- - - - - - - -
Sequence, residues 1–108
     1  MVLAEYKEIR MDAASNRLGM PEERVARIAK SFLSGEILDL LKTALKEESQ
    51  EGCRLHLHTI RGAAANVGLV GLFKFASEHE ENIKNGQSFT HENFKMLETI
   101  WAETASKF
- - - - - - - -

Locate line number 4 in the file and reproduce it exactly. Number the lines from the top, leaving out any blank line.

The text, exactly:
   101  WAETASKF